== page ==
Denise is a great detectorist to go into the fields to hunt with. She’s very enjoyable, low key and loves the hobby! I first met Denise in the shop when she bought her Minelab CTX 3030. George and Denise stopped by the shop during the middle of the week and asked if I would like to join them for a hunt. Unfortunately, I said I have to work and was very busy. They stated, “Are you sure? We did some history on this location. Also, some recon of the area back in January which look promising for some old grey.” Again, I must say, having George to do the leg work is great for all of us. Who can argue with a person who has found eight tree coins? So they left, met Glen and then the three of them headed south to the new location.
After 3 hours of detecting, both Glen and George had found the usual colonial coppers, buttons and a few Indian head pennies. At the time, Denise was in a morning slump to say the least. We’ve ALL been there. She has had the CTX 3030 for about 3 years, but up until recently, really hasn’t been able to put the time into mastering the detector. That machine has a learning curve to using all of the functions that it offers. She was feeling like the place was kicking her butt. Not wanting to give up, she sat down decided to change some settings and switched from auto to manual sensitivity. With the new settings in place and with renewed hope she meandered off once again.
With about an hour left to hunt, Glen heard Denise scream “WHAWHO!” “You find anything good?” Glen asked. Denise yelled out, “TREEEE COINNN!!! 10-12 inches down!” George looked up to see what turned out to be a tree coin dance. She discovered what every treasure hunter dreams of- a 1652 Pine Tree shilling a Noe-29!! I mean wow!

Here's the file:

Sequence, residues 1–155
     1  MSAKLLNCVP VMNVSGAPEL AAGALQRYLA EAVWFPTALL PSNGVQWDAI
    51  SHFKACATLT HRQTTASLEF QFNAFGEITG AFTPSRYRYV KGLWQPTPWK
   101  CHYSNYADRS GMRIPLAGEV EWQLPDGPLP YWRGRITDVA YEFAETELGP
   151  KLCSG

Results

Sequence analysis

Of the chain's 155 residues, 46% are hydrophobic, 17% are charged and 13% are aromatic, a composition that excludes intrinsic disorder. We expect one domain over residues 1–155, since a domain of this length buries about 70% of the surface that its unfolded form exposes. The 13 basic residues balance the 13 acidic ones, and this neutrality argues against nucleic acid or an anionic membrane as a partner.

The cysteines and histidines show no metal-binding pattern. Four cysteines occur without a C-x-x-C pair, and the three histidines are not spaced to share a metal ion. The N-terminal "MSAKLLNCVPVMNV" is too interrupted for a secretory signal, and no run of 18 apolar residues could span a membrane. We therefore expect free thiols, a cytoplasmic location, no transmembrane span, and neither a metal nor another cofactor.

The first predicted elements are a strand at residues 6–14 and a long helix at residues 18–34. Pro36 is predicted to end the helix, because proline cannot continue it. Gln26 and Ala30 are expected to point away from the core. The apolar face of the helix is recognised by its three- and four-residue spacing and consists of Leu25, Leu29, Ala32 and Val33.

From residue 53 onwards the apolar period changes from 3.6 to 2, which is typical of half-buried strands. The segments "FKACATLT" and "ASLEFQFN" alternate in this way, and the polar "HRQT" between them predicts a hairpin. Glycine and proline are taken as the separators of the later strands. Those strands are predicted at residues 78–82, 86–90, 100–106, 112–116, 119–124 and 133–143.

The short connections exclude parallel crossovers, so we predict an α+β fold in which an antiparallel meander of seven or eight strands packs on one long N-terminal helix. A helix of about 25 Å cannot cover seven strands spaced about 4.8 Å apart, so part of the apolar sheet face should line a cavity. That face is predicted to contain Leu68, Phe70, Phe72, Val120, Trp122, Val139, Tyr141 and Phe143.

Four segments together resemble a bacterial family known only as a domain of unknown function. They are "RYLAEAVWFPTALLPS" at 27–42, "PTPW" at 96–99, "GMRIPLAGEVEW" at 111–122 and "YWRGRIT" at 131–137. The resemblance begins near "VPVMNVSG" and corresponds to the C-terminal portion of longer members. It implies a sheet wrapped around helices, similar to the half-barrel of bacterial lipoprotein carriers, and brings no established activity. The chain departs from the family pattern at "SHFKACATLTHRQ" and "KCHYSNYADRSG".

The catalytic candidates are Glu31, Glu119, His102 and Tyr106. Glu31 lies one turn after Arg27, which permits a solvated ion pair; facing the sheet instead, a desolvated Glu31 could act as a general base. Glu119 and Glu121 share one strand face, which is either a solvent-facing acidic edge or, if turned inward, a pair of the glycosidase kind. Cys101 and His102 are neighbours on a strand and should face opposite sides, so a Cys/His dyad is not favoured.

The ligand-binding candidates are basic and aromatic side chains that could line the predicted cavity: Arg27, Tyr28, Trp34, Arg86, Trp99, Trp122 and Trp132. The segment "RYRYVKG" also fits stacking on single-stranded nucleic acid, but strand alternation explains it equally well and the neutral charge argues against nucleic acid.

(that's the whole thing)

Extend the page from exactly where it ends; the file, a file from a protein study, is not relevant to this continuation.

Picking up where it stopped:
Over the past year, both Denise and Heidi have both found Massachusetts silver coinage. Both of them are successful women detectorists in our group. They are a part of the growing number of women who are enjoying the hobby. I am proud of both and wish them plenty of continued success!
Here is some short history of the pine tree shilling. They
are known as America’s most famous colonial coin. They originated in the colony
of Massachusetts Bay. Due to a short supply of currency, the colonists had to
take matters in their own hands, since England refused to coins to the
colonies. In 1652, a new mint was formed by Robert Sanderson and John Hull. Since
there was no ruling king at the time, the people of Massachusetts decided to
place “1652” on all the coins to deny any illegality to when and if the
monarchy were reestablished.
There were two series of pine tree shillings: 1st
series that included a larger planchet; a rocker arm press or a roller press.
The 2nd ones were struck on smaller, thicker planchets that the
previous version. They were known specifically as “Pine Tree” shillings because
they were stamped with the image of a pine tree, which was a main export of the
colony. This one is a Noe-29 and the rarity is listed as a 3. The estimated
minting is around 201—500 known to exist and the value at AU-50 is $12,500.00!!
Thanks again to Denise and George for their collaboration of
Happy Treasure Hunting!
This information in this blog comes from the Whitman
Encyclopedia Colonial and Early American coins, David Bowers, RevolutionaryPie.com, coins.nd.edu and amhistory.si.edu